Scheme has a special form that is very special, called
It creates a first-class procedure and returns a pointer to it.
For example, you can create a procedure that doubles its argument
by evaluating the expression
(lambda (x) (+ x x)). The
second subform of the expression is a list of formal arguments,
and the third subform is the body of the procedure.
lambda doesn't give a name to the procedure it creates--it just
returns a pointer to the procedure object.
Actually, the procedure-defining variant of
define is exactly
equivalent to a variable-defining
define, with a
expression as its initial value form.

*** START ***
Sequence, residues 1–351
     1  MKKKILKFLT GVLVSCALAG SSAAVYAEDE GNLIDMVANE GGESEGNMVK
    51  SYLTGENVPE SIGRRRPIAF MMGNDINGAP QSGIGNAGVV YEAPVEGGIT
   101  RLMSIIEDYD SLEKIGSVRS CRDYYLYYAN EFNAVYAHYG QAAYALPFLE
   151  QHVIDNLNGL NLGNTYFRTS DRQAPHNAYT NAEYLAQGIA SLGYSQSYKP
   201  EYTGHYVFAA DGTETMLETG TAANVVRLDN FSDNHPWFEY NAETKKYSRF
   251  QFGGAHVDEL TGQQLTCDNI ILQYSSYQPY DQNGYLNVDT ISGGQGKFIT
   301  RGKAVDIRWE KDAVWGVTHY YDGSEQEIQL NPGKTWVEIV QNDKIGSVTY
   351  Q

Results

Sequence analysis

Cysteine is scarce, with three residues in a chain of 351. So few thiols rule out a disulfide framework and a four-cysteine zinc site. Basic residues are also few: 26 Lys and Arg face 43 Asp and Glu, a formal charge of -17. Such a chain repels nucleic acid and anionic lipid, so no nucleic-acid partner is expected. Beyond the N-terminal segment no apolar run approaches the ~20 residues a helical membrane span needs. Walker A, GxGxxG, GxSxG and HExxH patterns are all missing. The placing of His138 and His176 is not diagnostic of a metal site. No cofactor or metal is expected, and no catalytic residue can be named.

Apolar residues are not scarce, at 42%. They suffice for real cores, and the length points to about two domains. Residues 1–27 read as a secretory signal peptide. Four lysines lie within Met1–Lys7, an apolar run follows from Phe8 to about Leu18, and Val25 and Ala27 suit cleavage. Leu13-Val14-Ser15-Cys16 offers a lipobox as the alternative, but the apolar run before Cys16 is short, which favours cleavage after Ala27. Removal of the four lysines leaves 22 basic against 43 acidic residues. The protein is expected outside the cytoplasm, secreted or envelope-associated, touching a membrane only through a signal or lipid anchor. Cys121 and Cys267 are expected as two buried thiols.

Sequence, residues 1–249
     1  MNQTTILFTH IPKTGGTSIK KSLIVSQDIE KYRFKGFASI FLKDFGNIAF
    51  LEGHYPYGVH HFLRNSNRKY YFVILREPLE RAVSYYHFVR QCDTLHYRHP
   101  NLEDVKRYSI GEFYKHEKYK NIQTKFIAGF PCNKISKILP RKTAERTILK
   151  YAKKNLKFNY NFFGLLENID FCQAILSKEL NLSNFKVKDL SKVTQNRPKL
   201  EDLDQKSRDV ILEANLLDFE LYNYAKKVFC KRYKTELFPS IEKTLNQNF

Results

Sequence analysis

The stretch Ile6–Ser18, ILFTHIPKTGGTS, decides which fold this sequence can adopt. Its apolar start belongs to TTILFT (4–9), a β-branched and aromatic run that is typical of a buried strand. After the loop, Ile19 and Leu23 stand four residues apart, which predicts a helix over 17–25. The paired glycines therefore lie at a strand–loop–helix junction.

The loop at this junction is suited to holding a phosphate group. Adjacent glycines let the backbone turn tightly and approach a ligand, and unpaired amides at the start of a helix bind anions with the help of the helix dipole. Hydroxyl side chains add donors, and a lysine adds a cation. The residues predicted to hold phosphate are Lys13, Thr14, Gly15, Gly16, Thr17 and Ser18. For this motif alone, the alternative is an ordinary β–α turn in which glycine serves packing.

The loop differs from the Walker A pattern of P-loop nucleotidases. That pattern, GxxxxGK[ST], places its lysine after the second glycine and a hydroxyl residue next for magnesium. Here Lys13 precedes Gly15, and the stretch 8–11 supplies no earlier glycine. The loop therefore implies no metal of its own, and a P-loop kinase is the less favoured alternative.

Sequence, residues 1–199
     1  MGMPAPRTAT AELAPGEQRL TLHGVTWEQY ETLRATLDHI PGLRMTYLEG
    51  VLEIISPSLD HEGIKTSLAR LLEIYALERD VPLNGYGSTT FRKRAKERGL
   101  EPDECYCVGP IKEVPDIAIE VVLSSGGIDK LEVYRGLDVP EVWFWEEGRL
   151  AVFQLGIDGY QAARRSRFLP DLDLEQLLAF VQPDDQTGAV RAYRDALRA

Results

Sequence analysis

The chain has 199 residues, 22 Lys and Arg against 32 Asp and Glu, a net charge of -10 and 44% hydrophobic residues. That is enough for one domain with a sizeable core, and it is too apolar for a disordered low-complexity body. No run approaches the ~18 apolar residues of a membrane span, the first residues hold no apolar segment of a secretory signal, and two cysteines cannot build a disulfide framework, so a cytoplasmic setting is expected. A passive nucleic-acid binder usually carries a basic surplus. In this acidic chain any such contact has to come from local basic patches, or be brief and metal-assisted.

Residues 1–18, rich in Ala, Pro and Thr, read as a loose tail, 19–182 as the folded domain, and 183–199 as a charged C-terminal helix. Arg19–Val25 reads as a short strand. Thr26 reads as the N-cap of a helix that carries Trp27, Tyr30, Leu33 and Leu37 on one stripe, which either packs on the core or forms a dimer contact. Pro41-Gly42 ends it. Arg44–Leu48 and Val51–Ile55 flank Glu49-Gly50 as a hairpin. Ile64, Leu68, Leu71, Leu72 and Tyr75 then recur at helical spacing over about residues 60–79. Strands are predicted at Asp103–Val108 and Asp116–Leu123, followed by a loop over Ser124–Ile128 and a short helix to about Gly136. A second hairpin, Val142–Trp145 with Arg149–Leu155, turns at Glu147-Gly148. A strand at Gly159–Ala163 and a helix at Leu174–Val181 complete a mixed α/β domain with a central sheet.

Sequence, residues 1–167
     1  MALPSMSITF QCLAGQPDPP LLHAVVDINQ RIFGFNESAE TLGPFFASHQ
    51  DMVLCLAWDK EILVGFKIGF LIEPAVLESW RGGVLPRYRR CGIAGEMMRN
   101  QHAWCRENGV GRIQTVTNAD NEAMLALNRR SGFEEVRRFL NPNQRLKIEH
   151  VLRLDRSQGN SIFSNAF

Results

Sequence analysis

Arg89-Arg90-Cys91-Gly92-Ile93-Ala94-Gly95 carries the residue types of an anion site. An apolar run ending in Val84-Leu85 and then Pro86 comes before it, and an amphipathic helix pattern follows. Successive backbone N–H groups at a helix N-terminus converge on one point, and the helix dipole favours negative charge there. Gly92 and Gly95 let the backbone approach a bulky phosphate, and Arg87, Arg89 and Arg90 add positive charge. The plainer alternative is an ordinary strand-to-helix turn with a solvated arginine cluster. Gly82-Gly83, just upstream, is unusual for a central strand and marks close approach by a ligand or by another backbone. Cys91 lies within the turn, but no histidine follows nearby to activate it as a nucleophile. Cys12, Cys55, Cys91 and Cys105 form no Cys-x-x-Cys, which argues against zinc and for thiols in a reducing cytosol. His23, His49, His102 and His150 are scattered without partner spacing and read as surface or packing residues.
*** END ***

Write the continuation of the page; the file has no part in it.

(define (double x) (+ x x))
is exactly equivalent to
(define double (lambda (x) (+ x x)))
In either case, we're creating a one-argument procedure, and we're also
defining and binding a variable named
double, and initializing
its storage with a pointer to the procedure.
The procedure-defining syntax for
define is just syntactic
sugar--there's nothing you can do with it that you can't do with
local variables and
lambda. It's just a more convenient
notation for the same thing.
================================================================== This is the end of Hunk K. TIME TO TRY IT OUT At this point, you should go read Hunk L of the next chapter and work through the examples using a running Scheme system. Then return here and resume this chapter. ==================================================================
(Go to Hunk L, which starts at section Using First-Class, Higher-Order, and Anonymous Procedures (Hunk L).)